Members of Haitian government in Montreal to 'support' asylum seekers
The ministers of foreign affairs and Haitians living abroad met with Mayor Coderre Tuesday
The Haitian government has sent two representatives to Montreal in light of the influx of Haitian asylum seekers crossing illegally into Quebec from the U.S.
Foreign Affairs Minister Antonio Rodrigue and Stéphanie Auguste, minister for nationals living abroad, touched down in Montreal Tuesday afternoon.
Immigration Canada says the number of asylum seekers, most of them Haitian, crossing illegally near the Saint-Bernard-de-Lacolle, Que., border crossing has quadrupled in the past two weeks from about 50 a day to 200 a day.
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At an afternoon news conference with Montreal Mayor Denis Coderre, the ministers said the Haitian government felt a responsibility to lend support to citizens migrating to Canada.
Rodrigue said they are on a "fact-finding mission" to learn about the Haitians who came to Canada, and to see what kind of agreement can be reached with the Canadian government.
And the pair wants "to show them that the Haitian people and government are with them, behind them and don't forget about them," he said.
They will also help Haitians without identification get the documents they need in order to access essential services, such as passports and birth certificates, said Auguste.
Je reçois en fin d'après-midi HDV ministres affaires étrangères d'Haiti &des Haïtiens vivant étranger Antonio Rodrigue et Stephanie Auguste—@DenisCoderre
Coderre said Montreal's status as a sanctuary city highlighted the importance of receiving the migrants streaming across the nearby U.S. border.
"I don't want to talk about a crisis, because it's not a crisis," Coderre said at the news conference.
"If you look at the numbers, we're talking about 2,500 people [so far]; if you look at the migration in certain countries in Europe, we're talking about half a million," he said.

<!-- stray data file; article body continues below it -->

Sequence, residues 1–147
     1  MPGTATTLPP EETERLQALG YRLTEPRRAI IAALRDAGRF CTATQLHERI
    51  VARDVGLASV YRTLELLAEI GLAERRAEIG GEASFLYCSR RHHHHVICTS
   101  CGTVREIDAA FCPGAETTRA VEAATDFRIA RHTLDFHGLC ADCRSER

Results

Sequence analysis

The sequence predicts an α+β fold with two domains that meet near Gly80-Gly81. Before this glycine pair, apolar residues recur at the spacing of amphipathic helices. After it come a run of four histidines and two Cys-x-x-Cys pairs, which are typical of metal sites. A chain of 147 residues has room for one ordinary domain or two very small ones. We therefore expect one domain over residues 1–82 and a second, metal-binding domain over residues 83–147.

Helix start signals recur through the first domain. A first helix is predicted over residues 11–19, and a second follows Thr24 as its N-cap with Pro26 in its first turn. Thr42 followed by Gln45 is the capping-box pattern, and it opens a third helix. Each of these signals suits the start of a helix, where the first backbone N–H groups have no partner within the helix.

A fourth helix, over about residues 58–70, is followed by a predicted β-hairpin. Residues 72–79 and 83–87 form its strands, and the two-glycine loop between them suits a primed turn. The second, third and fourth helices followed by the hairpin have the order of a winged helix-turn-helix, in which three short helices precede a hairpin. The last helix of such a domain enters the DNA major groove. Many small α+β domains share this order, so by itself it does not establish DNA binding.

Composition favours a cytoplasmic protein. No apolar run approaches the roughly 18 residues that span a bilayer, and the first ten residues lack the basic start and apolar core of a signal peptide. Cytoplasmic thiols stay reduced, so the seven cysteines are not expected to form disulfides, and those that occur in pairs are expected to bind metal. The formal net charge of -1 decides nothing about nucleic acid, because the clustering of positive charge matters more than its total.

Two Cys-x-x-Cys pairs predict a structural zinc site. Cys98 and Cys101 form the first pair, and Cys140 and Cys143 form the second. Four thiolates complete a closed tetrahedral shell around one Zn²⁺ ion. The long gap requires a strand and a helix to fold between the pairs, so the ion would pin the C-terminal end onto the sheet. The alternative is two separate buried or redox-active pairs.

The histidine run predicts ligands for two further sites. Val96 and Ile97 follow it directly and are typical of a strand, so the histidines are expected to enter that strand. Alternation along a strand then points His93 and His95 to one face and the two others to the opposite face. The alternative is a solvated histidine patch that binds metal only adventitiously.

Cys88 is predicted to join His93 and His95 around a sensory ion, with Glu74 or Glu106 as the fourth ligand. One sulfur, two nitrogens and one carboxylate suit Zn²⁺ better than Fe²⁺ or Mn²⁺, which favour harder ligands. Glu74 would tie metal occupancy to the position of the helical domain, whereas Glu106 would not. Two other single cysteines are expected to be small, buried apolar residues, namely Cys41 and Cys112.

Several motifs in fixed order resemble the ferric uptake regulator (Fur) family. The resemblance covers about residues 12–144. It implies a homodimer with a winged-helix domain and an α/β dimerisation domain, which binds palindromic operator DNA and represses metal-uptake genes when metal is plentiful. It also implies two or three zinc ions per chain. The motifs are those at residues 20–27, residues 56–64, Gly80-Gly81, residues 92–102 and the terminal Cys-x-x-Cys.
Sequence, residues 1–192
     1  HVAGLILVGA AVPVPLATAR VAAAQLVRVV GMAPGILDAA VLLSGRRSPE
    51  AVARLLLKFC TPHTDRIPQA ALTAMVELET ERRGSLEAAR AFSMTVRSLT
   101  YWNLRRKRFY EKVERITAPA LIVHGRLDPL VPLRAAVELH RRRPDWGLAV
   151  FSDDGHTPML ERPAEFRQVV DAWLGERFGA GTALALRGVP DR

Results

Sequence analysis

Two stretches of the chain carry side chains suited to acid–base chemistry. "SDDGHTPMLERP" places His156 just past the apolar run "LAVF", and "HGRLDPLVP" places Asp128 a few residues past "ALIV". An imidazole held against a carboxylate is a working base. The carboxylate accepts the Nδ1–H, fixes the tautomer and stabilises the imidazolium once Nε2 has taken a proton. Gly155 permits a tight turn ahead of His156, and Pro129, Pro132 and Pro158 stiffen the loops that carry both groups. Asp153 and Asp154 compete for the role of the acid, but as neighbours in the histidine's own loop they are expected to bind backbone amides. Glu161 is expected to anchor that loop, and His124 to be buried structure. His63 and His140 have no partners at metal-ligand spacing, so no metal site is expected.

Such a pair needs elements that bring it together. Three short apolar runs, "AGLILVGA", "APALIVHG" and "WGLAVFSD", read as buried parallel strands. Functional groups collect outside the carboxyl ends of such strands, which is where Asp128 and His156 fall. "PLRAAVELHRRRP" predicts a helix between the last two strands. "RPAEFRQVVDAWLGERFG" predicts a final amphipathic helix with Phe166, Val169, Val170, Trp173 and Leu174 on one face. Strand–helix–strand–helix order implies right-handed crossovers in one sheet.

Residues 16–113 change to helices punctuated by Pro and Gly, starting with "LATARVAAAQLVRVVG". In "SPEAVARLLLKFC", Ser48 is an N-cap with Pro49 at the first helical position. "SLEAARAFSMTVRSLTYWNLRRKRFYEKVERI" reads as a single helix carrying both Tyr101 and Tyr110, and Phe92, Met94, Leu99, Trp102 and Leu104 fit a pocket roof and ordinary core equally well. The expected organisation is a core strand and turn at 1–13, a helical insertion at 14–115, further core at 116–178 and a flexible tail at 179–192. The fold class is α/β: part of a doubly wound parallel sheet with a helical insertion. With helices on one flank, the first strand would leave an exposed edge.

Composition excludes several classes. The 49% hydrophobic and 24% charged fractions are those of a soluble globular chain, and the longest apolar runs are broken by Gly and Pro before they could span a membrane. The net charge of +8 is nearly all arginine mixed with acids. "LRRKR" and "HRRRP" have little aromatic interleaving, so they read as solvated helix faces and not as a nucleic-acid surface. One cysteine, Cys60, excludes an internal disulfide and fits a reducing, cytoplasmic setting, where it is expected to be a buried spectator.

Coderre read a Haitian proverb in Creole, then translated its meaning into French. "When you have people in vulnerable situations, we must not step on top of them, but help them and show solidarity," he said.
Auguste called Coderre a "Haitian Quebecer at heart."
Situation in Haiti
Rodrigue acknowledged it would be a strain on resources in Haiti if a large number of nationals were to return, but that "it's their country, if they have to go back, we have to receive them," he said. "They are our brothers and sisters."
The present government has only been in place for about six months and is in the process of rebuilding, Rodrigue said, after the 2010 earthquake and a devastating hurricane five years later.
He said the new administration "is working hard to put the country back on track and give all the necessities to the people of the country."
Bracing for an influx
In May, President Donald Trump threatened to withdraw the temporary protected status (TPS) of Haitians who took refuge in the country following the 2010 earthquake.
With the TPS set to expire in January 2018, Haitian nationals now fear being sent back to Haiti.
Many factors pushed Haitian nationals to first leave their country, then the U.S. or other countries, Rodrigue said. He agreed President Donald Trump's immigration policies were a factor.
"Maybe people see the new policies as unfavourable to their condition and they see that Quebec and Canada are lands of welcome," he said.
By entering Canada illegally and claiming refugee status, asylum seekers are generally allowed to stay while their refugee applications are processed.
In order to get residency in Canada though, they will have to prove on an individual basis that it is unsafe for them to return to their home country.